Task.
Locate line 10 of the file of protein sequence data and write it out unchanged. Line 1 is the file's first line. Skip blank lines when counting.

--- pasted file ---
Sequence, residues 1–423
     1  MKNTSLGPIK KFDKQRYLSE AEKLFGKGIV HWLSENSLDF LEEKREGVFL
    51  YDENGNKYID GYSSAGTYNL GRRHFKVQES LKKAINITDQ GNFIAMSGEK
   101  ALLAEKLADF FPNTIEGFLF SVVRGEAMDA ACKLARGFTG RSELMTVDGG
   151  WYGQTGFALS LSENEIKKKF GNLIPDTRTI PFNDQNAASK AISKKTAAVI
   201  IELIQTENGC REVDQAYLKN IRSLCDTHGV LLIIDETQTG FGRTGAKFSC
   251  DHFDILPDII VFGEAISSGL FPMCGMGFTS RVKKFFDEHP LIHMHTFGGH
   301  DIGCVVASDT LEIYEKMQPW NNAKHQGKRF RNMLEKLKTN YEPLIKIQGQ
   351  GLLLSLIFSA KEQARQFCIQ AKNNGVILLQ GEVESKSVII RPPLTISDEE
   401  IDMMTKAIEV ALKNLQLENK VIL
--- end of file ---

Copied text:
   401  IDMMTKAIEV ALKNLQLENK VIL